The GDC clip is basically him talking on others people work completely unrelated to what he's supposed to sell. High five!
We’ve talked with Kirill Peskov about the technology that shapes the visuals of Wargaming’s naval online battleground.
World of Warships operates a “game as a service” model, publishing major releases every 3 weeks, and our technology development keeps to a similar pace.
We constantly update and refine the technology backlog so priorities stay current. Some features are requested by peer teams, like level art or 3D art; some are requested to improve game performance and stability; some address technical issues. And new visual effects are often proposed by tech artists as prototypes. Our new render techniques are developed in production quality mostly by the render team.
Features go for implementation according to their given priorities. Every feature passes mandatory performance and functional QA so it can be integrated to the mainline. For complex technology changes, there are options to have additional external testing (so-called Super test). R&D tasks are often handled just like the others, but no QA is usually required.
The original BigWorld Engine was implemented long before World of Tanks started. It was (and still is) one of the best engines for non-target MMO games. Especially on the server side.
We considered developing our own server-side, but it was a huge risk due to having very little experience in MMOs. We began using the BigWorld Engine in other games because it already worked well in World of Tanks.
The server technology in the BigWorld Engine works great with massive loads. In the early stages of development, we used the original BigWorld technologies that existed at the time as well as methods developed by the teams in Minsk and Kiev.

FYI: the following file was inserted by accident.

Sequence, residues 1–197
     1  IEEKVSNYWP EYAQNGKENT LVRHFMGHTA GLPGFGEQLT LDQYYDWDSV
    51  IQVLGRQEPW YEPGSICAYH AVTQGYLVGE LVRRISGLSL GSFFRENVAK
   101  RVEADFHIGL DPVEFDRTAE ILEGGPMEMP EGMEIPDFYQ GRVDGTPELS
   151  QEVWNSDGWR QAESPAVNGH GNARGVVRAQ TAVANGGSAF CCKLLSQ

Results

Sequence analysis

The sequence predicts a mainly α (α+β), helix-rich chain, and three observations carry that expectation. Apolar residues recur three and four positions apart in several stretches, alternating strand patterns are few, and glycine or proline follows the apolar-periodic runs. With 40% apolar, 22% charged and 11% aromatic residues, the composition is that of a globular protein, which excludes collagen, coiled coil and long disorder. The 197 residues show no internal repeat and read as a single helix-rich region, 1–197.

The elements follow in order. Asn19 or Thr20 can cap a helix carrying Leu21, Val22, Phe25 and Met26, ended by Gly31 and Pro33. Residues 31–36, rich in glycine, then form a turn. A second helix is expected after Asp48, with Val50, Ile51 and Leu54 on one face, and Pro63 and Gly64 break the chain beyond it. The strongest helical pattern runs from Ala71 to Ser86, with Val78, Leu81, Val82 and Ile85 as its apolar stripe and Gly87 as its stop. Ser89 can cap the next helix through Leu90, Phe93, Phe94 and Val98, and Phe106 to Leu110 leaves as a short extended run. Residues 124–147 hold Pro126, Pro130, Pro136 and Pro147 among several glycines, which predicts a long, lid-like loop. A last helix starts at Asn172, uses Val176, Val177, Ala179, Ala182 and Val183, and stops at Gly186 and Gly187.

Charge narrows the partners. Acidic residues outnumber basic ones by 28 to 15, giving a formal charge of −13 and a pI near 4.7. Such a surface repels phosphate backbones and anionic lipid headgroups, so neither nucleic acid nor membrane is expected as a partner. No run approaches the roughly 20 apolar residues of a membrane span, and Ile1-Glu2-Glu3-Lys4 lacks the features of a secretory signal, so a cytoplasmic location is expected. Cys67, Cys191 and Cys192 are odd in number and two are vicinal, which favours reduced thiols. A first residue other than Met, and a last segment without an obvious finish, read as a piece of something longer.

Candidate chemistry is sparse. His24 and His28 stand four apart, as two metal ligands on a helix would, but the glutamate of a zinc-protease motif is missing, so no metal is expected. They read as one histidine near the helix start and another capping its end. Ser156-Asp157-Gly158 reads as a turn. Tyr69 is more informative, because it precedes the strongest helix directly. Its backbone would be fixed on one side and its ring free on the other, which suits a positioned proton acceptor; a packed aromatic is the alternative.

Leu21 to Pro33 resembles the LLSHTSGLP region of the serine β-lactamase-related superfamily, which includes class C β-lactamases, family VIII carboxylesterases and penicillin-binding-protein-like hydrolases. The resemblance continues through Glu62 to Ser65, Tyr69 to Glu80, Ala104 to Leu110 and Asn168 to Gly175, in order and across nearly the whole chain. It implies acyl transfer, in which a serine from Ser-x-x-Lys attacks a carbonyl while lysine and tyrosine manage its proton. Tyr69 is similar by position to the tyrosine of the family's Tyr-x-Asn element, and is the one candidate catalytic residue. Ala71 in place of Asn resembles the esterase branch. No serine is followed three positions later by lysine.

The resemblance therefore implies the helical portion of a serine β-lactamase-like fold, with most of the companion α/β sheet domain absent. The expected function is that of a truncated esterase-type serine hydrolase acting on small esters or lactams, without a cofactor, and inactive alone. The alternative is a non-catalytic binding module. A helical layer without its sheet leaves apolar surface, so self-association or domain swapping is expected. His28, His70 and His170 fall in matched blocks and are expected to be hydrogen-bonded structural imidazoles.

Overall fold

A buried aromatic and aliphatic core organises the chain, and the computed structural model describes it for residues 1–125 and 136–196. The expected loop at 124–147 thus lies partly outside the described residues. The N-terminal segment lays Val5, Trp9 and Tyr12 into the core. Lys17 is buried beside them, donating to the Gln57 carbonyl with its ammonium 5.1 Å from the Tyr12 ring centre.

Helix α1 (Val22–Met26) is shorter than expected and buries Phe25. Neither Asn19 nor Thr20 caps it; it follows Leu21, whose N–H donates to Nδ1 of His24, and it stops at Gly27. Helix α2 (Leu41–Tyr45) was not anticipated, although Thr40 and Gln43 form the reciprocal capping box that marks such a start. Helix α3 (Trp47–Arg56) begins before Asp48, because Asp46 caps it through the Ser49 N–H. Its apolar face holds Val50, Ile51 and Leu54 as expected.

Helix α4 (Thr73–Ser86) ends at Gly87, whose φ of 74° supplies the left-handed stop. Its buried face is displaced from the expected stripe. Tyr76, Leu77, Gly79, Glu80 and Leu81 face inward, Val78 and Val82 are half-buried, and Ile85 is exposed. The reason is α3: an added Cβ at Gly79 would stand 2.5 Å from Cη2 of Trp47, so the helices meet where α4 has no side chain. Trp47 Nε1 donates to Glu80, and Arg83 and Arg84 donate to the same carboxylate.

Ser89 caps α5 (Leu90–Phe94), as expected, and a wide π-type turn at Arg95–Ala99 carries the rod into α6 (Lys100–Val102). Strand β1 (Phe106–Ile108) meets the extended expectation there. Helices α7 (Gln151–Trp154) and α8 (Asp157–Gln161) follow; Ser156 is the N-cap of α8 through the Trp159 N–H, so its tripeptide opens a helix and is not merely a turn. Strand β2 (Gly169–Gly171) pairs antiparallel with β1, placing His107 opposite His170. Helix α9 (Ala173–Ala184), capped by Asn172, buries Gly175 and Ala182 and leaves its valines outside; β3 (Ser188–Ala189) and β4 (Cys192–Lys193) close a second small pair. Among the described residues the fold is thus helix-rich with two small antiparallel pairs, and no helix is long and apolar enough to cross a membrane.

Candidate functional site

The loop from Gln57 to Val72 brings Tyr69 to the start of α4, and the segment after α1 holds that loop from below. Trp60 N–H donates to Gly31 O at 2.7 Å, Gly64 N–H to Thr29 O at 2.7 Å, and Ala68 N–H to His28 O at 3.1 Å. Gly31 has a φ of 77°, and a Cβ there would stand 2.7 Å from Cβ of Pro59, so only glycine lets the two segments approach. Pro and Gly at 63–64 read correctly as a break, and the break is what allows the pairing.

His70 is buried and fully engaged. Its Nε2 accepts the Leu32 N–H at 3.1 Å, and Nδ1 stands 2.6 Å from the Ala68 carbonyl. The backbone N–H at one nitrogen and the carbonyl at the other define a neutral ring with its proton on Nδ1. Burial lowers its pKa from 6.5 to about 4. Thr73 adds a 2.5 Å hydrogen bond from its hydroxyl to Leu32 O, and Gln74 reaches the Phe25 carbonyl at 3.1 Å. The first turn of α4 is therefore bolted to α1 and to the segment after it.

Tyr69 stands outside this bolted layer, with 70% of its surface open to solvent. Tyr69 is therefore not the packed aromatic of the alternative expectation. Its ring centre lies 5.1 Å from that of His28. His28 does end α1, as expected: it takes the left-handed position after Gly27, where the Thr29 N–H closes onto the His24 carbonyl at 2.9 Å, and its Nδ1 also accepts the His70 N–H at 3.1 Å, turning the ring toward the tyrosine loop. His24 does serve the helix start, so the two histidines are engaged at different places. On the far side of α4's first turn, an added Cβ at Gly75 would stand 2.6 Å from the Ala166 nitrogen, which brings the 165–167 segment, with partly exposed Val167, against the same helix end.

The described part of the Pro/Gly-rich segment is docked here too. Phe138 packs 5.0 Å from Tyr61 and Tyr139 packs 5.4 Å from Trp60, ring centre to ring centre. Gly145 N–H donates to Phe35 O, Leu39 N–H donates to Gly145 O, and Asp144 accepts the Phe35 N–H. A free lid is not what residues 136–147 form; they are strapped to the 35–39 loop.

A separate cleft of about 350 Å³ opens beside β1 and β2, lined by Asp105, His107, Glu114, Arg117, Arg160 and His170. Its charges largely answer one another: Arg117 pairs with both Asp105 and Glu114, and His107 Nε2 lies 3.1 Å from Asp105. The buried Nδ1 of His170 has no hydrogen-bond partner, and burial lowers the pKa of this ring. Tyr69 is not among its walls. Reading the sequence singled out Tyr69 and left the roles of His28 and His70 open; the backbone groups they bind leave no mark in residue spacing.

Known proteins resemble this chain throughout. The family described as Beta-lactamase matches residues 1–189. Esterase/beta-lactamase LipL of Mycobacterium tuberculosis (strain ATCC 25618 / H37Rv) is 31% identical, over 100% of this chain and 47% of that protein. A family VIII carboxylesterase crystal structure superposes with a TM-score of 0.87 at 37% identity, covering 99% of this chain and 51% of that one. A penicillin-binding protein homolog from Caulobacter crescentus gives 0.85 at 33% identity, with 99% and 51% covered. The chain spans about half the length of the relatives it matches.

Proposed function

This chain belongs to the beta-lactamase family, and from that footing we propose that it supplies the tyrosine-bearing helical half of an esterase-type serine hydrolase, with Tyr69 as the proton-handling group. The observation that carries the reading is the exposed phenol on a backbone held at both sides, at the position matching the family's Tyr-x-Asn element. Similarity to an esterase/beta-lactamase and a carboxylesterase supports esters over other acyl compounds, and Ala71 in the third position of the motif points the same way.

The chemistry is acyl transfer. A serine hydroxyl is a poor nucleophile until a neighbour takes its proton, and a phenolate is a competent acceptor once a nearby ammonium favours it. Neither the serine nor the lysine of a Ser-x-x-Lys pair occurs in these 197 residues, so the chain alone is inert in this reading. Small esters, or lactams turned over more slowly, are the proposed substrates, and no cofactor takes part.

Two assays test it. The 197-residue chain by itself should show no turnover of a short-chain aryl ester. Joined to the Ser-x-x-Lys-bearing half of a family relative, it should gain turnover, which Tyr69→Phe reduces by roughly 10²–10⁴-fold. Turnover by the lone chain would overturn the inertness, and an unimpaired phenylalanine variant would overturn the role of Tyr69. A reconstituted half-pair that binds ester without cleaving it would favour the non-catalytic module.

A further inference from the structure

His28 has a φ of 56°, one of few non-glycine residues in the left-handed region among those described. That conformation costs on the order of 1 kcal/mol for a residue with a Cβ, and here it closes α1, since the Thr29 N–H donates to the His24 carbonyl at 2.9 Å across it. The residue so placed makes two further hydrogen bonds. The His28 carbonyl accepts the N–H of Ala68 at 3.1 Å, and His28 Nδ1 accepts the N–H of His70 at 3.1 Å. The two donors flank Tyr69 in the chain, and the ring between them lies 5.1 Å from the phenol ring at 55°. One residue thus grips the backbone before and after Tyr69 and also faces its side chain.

During the development process, we implemented a lot of our in-house technologies. Of course, we are working in close cooperation with the BigWorld development team in Australia.
BigWorld used to be an independent studio when World of Tanks first started to use it. But, yes, the BigWorld Engine works predominantly with large, land-based landscapes, where players observe from middle/close distances.
We have slightly different goal in World of Warships: an almost endless sea; land, which looks beautiful and realistic from long and close distance; and a bird’s eye view. And we had to show large forests. Another issue was processing a large number of models in the game, because all ships consist of tons of elements and they all interact with each other.
In the evolutionary process of technology development, we completely changed the scene hierarchy, sea surface, lighting, shaders, forest system, sky, effects system, and weather effects. We added a lot of new technologies such as motion vectors in VFX, for example.
For more effective landscape visualization, we replaced the original terrain system with solid geometry. Terrain is used only for physics and navigation now.